I have spoken with our adviser at Investors Group, one at my credit union, and an acquaintance at RBC. All suggested mutual funds. I also checked out PC Financial because of the fact that they pay interest when the balance exceeds $1,000, but right now their interest rates look very low. I guess I am asking who and where to give my money to.

Answer: In investing terms, you’re trying to match apples and oranges. Let’s separate the two.

As far as an emergency fund goes, yes, a TFSA is a good idea and cashable (also called redeemable) GICs are one option. However, their rates are lower than locked-in GICs and there may be penalties for redeeming early. Check the terms carefully. An alternative is a high-interest savings account or a short-term bond fund. More on that to follow.

Saving for retirement requires a different approach, as you are aware. The advisers you consulted all recommended mutual funds for the simple reason that’s what they sell, and they earn commissions from them. However, mutual fund fees can be expensive and eat away at your savings.

An alternative is to open a TFSA with a discount broker. Try to find one that does not charge a commission on ETF purchases.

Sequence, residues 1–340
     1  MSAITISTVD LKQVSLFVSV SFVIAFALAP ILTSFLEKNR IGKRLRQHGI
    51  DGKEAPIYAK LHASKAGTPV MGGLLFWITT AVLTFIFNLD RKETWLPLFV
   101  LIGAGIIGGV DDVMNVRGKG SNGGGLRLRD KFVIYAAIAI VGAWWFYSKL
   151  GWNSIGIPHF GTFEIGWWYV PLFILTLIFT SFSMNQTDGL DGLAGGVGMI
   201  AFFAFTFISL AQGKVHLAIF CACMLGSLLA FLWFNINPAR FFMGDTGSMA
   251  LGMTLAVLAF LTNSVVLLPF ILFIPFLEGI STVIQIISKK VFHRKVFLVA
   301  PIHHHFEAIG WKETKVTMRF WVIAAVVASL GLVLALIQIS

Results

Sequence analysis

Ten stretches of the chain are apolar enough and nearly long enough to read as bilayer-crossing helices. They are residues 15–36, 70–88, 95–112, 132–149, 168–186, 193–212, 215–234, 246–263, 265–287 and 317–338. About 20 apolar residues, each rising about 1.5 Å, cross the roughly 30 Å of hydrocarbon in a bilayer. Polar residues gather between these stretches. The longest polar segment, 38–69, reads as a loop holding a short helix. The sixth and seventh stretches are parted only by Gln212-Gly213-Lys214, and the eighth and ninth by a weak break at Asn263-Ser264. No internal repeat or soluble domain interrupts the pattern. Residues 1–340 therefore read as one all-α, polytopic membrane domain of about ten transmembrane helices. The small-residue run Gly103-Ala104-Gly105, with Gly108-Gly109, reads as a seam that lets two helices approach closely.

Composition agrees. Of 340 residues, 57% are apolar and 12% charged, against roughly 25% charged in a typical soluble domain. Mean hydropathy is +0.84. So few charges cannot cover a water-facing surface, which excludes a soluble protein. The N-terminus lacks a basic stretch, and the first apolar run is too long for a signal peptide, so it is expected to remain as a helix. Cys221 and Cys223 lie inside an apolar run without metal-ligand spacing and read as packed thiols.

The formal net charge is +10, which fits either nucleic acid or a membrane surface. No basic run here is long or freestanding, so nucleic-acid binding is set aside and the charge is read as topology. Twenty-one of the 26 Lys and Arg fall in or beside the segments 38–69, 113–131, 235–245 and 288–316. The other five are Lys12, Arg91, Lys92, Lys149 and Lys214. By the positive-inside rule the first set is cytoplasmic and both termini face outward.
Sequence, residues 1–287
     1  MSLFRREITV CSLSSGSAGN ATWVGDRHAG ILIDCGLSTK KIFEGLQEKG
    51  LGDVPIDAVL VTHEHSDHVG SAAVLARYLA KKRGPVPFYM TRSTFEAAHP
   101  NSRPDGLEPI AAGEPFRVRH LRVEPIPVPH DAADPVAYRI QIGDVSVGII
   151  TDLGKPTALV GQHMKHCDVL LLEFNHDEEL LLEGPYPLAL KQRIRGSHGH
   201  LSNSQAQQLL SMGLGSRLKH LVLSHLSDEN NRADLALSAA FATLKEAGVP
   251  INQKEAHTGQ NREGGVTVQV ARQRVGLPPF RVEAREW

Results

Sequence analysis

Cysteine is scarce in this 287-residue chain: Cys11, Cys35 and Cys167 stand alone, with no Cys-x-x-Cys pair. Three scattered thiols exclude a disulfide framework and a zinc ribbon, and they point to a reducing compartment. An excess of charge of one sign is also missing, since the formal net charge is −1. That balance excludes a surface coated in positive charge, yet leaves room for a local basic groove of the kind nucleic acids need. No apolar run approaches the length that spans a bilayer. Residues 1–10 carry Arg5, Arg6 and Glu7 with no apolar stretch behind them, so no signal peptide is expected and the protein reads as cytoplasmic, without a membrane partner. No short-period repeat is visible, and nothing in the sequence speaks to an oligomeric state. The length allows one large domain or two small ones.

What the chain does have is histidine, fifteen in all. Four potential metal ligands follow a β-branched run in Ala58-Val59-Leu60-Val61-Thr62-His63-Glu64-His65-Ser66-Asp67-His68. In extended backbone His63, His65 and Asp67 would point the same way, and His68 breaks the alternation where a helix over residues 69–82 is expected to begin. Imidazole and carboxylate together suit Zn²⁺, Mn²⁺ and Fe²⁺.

Direct the amount you want to go into an emergency fund to a high-interest savings account or a short-term bond fund such as iShares Core Canadian Short Term Bond Index ETF (XSB-T). It gained 2.69 per cent in the year to Feb. 28 and has a low management expense ratio of 0.17 per cent. Build the emergency fund to your desired level first.

Then add some low-cost growth index funds. The iShares Core S&P 500 Index ETF (CAD hedged) (XSP-T) has an MER of 0.11 per cent and an average annual gain of 13.8 per cent over the three years to Feb. 28. To further diversify your retirement portfolio, include a bond ETF, a Canadian stock ETF, and an international stock ETF.

Over time, you’ll build a healthy retirement fund, with some emergency money always available. And when it comes time to withdraw some cash, it will all be tax-free!

--Gordon Pape

Do you have a question for Globe Investor? Send it our way via this form. Questions and answers will be edited for length.

What’s up in the days ahead

Value investors just can’t catch a break. Their latest blow was this week’s change of heart by the U.S. Federal Reserve. Is there any hope? Ian McGugan will share his insight

Click here to see the Globe Investor earnings and economic news calendar.

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Compiled by Gillian Livingston